• Cycling

WADA accepts Armstrong sanctions

ESPN staff
November 2, 2012
Lance Armstrong's results have been erased from the record books © Getty Images

The World Anti-Doping Agency (WADA) will not appeal against the decision to strip Lance Armstrong of his seven Tour de France titles, it confirmed on Friday.

USADA handed the 41-year-old a lifetime ban from cycling and recommended that all of the American's results from August 1998 were removed from the record books after its evidence claimed that Armstrong ran "the most sophisticated, professionalised and successful doping programme that sport has ever seen".

The International Cycling Union (UCI) ratified those sanctions and opted not to reallocate the wins to other riders, although Bradley Wiggins was awarded third place in the 2009 Tour.

"WADA has no such concerns as to the complete process and the overwhelming weight of evidence," WADA President John Fahey said. "Rather it is of the opinion that the actions of USADA have highlighted the need in all cases for athletes to be able to come forward with evidence that will help rid sport of doping cheats."

Fahey welcomed the news that the UCI would launch an independent inquiry and said that WADA expected to be contacted to contribute to the report.

"Following the UCI Management Committee's announcement last week, WADA now awaits with considerable interest the details of the independent inquiry that is proposed, including its composition and terms of reference," Fahey said.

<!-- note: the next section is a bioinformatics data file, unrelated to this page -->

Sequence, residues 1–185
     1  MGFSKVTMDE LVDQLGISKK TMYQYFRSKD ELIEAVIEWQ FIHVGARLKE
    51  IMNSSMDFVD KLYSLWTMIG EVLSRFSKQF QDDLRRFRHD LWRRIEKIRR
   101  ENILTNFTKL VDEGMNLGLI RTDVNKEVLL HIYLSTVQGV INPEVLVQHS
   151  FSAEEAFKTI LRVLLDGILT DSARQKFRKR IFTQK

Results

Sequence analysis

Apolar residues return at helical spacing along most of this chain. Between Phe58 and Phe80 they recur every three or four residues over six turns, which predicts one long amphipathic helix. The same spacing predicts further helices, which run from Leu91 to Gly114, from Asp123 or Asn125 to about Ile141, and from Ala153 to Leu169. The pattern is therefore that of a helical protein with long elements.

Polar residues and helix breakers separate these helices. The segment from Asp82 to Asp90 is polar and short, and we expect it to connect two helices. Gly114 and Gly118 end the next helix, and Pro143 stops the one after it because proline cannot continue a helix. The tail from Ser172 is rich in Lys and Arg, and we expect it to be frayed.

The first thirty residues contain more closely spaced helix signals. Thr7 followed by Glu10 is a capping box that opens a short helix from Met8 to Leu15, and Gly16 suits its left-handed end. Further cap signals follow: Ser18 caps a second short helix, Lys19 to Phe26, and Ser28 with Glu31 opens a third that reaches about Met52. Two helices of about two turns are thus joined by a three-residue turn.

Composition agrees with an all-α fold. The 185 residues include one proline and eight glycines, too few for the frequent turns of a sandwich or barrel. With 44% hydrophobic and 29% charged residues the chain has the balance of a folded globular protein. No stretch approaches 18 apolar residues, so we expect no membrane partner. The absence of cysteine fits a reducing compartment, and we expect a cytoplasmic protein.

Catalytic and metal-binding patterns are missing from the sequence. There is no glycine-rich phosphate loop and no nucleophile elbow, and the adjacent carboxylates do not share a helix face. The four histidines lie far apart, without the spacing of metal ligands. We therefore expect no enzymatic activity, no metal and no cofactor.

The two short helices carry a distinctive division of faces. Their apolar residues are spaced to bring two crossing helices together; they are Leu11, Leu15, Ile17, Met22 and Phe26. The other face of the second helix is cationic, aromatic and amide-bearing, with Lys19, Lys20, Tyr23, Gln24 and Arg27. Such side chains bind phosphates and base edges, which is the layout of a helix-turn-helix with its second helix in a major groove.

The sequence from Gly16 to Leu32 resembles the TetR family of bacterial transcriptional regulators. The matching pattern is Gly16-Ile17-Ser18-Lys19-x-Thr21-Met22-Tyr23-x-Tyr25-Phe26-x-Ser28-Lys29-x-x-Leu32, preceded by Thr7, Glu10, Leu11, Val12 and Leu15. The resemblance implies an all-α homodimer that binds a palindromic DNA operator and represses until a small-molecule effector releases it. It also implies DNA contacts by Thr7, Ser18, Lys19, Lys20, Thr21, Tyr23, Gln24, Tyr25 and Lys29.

"It is important that there now be genuine independence and a complete examination of the scenario, with a panel that has full powers of inquiry and access to all required evidence and information.

"WADA has had no communication from the UCI with regards to their upcoming inquiry, nor indeed the Armstrong reasoned decision, nor the UCI Management decisions. WADA will want to contribute to the inquiry if it is established and resourced beyond reproach.

"This is not a situation in which just because the athlete did not return a positive test there was nothing more the governing body of cycling could do. It has taken a major effort and undertaking from a national anti-doping organisation to gather the compelling evidence following allegations raised by Floyd Landis in 2010.

"This case has resulted in a right and proper sanction for the athlete in question and has served as a revelation to the world of sport. For this USADA must be applauded."

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